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Bolt sees only tough times in Tokyo for Jamaica's sprinters

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19/08/2016. Usain Bolt (JAM) of Jamaica celebrates winning the Jamaican team's gold medal with Asafa Powell (JAM) of Jamaica, Nickel Ashmeade (JAM) of Jamaica and Yohan Blake (JAM) of Jamaica. REUTERS

Usain Bolt is disappointed with how Jamaican men's sprinting has developed since he retired and predicts his compatriots will find it tough in Tokyo after his glorious domination of the last three Olympics.

With Bolt leading the way in his own inimitable style, Jamaica won all nine men's track sprint finals in Beijing, London and Rio -- although they later lost their 2008 4x100m gold medals after Nesta Carter failed a dope test.

While Jamaica's women look very strong going into their Tokyo campaign, triple 100m and 200m Olympic champion Bolt thinks the men will struggle.

"Well, it's really disappointing to see this," Bolt told Reuters.

"I felt like we had a good crop of (male) athletes for the last couple of Olympics, so for me, it really bothers me to know that this is where we are right now, where most of the world is ahead of us.

"So going into the men's, it's going to be tough ... I'm just disappointed because I think we do have the talent, it's just to harvest it and people to take the training seriously and get it done."

(L-R) Jamaica's Yohan Blake, Ivory Coast's Ben Youssef Meite, Canada's Andre De Grasse, Jamaica's Usain Bolt, France's Jimmy Vicaut, USA's Justin Gatlin, South Africa's Akani Simbine and USA's Trayvon Bromell compete in the Men's 100m final during the athletics event at the Rio 2016 Olympic Games at the Olympic Stadium in Rio de Janeiro on August 14, 2016. AFP

Bolt not only inspired Jamaica's Olympic sweep but also their monopoly of the men's sprint world titles from 2009 until 2015, his training partner Yohan Blake stepping up to claim 100m gold in 2011 when Bolt was disqualified.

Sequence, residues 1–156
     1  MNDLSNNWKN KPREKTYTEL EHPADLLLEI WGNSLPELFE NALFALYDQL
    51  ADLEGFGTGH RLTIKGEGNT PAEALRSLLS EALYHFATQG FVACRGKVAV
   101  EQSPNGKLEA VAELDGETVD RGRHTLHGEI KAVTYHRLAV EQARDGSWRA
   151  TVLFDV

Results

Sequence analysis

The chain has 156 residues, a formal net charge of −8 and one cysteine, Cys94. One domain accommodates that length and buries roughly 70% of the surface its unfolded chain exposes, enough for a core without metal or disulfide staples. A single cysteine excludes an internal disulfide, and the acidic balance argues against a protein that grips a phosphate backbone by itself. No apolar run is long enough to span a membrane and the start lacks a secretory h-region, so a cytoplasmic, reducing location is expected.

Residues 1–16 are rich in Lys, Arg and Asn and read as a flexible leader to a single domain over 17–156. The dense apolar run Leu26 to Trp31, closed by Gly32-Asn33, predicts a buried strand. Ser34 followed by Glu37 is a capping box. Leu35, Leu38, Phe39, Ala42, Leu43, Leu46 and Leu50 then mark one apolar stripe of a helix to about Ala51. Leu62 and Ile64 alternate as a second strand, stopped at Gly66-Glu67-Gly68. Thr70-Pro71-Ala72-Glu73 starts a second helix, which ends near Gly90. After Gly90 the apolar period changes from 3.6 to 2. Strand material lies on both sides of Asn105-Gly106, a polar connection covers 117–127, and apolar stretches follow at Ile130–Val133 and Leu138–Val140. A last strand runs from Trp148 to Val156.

Blake is now Jamaica's standard bearer in the men's sprints but will need to improve massively on his season-best of 9.95 seconds to even challenge for a medal in the 100m in Tokyo.

Ato Boldon, who won four sprint medals for Trinidad & Tobago at two Olympics, concurred with Bolt's analysis of Jamaica's chances.

"It's going to be a little bit of famine now, I know Blake says he's not leaving Tokyo without a medal but I don't have Blake medalling," Boldon, now a TV pundit, told Reuters.

"At least Jamaica has some prospects on the horizon, but I do not see any medals for Jamaica in the men's 100, 200 or 400 in Tokyo."


The main beneficiaries of Jamaica's slump, Boldon thinks, will be the United States, whose long dominance of the Olympic sprints was rudely interrupted when Bolt hit his long stride in Beijing.

The Americans have not won the Olympic 100m title since 2004 but national champion Trayvon Brommell leads the world this year with his run of 9.77 seconds.

Only South African Akani Simbine, whose best run this season was 9.84 seconds, looks in a position to stop an American sweep with Ronnie Baker (9.85) and Fred Kerley (9.86) also in strong form.

"I think the Americans are capable of taking two of the three medals in Tokyo," Boldon added.

"I have (Ronnie) and Trayvon Brommell in the podium in two of those spots.

"It's been a while since the U.S has been at the top of the podium at the Olympics, quite a long time, so that's going to be a return for them for what they're used to."

The American men also look set to dominate the 200m.

Noah Lyles, the 2019 world champion, leads the world with the run of 19.74 seconds that won him the U.S trials last month.

Kenny Bednarek, who has laid down a career-best 19.78, and newly minted under-20 world record holder Erriyon Knighton with 19.84, will join Lyles in the U.S. team.

Bolt had held that under-20 record since 2004 and singled out Knighton as one of the youngsters to watch in Tokyo and beyond.

"The 17-year-old has really impressed me in the U.S trials, so let's see in the near future what he will do," Bolt said.


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